Devaluing Ruble Hits New Low

The ruble fell below the weakest level seen during the 1998 crisis after the Central Bank devalued the currency on Monday for the sixth time in seven days to protect reserves.

The ruble depreciated to 33.17 per dollar, the lowest since early 1998, before the government's default on $40 billion of debt helped trigger a financial market collapse. The ruble has lost 7.7 percent of its value since official trading resumed this year, extending the decline to 29 percent since August 2008.

The Central Bank, which manages the ruble against a basket of about 55 percent dollars and the rest euros, widened its target range on Monday, a bank official said. The currency has fallen 29 percent versus the basket since Aug. 1 and is now able to decline about 22 percent from a target rate, from about 3.6 percent on Nov. 11, the start of the current round of depreciation.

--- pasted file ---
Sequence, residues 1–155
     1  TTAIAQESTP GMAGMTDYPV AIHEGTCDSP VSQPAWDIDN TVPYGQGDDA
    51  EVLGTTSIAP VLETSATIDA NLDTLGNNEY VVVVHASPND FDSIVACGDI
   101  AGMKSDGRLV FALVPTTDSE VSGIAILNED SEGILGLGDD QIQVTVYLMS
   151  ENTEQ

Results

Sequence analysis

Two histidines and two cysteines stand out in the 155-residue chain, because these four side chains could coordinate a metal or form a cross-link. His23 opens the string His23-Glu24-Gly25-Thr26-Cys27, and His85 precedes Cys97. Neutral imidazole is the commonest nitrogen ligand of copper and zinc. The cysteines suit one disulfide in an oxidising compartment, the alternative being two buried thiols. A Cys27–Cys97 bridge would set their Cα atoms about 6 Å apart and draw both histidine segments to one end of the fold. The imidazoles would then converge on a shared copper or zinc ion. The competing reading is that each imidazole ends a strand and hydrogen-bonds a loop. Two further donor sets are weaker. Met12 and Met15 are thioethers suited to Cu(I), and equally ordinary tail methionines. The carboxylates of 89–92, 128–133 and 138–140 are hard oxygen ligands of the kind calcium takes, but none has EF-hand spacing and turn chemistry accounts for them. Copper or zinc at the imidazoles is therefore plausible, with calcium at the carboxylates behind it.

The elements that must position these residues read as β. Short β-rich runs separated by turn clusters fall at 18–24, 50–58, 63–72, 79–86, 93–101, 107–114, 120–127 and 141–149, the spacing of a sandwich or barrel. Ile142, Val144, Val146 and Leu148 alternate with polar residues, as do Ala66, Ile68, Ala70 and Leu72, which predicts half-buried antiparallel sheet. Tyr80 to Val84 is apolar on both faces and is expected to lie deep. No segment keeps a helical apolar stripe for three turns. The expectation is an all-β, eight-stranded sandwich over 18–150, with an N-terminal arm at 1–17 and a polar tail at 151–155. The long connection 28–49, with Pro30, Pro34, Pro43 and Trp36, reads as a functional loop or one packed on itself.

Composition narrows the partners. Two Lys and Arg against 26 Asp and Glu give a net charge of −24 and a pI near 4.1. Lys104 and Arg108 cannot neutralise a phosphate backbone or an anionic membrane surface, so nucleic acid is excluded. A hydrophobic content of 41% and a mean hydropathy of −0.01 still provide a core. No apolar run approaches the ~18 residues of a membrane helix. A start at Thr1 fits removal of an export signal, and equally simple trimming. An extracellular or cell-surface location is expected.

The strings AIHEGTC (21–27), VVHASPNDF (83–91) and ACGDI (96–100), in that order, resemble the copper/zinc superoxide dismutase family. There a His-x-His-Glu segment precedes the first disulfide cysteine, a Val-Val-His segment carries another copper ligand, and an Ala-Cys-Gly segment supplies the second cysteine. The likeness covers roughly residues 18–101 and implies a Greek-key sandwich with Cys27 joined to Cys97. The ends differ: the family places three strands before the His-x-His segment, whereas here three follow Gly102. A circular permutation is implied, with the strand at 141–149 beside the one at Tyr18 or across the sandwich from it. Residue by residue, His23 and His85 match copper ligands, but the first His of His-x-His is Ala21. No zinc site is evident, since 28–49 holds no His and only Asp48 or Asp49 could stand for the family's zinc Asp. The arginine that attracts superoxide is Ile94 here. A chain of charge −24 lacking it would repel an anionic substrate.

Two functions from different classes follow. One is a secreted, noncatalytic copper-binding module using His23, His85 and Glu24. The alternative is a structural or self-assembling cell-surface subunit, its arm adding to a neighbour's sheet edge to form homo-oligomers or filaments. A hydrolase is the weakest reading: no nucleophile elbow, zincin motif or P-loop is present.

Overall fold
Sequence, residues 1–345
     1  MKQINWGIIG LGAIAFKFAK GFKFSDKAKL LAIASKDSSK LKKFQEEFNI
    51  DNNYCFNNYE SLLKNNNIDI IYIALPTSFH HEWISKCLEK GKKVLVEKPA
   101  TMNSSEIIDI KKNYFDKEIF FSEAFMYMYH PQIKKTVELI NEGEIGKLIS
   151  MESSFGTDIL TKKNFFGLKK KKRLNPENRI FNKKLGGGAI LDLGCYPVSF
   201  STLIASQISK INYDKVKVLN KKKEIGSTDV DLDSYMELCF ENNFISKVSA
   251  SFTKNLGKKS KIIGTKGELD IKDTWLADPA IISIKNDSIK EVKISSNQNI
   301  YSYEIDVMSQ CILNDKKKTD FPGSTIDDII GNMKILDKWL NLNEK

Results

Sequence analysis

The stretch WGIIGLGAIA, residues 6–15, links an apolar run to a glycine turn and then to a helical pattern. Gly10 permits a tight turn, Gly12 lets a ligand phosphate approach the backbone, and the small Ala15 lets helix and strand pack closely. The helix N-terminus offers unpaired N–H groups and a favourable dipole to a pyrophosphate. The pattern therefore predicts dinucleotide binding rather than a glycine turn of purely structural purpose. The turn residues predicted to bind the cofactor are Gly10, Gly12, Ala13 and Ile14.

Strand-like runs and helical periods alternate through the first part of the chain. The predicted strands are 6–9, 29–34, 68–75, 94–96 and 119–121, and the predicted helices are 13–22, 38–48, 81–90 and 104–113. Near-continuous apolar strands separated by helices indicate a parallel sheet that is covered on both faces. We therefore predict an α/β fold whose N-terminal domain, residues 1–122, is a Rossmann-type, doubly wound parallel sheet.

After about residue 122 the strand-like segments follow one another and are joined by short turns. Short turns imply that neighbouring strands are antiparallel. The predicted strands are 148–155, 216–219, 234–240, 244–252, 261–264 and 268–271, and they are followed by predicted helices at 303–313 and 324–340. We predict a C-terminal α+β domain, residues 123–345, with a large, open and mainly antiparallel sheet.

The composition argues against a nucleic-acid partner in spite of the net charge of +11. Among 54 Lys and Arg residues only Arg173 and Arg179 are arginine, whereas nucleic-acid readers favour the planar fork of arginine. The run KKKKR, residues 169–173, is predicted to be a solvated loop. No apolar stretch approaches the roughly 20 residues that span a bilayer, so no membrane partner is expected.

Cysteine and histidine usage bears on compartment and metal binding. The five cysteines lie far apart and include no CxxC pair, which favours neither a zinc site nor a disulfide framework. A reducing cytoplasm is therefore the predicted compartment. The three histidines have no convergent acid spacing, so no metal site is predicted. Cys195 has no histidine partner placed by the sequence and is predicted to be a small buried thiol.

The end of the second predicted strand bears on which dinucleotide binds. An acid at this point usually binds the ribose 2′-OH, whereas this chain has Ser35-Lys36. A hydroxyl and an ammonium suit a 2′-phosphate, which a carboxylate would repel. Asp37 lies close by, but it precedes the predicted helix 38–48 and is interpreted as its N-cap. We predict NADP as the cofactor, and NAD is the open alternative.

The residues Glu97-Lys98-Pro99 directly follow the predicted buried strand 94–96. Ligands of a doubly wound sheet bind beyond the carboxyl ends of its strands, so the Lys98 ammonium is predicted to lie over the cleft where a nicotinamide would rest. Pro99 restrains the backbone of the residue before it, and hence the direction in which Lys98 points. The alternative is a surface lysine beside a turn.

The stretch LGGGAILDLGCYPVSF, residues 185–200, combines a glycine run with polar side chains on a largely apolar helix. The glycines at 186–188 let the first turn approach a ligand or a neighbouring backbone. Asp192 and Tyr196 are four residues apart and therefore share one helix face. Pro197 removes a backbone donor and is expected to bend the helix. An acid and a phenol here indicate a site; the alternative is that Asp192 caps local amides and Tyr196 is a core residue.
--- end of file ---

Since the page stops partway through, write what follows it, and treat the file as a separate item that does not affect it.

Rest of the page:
Mark Mobius, who manages more than $24 billion in emerging-market assets as executive chairman at Templeton Asset Management, said he expects the ruble to begin to stabilize and that the Central Bank may slow devaluations as the ruble approaches fair value. He did not say what level that would be.

"It's not as overvalued as it was," Mobius said. "I know some commentators think further devaluations can be expected, but I'm not too sure about that."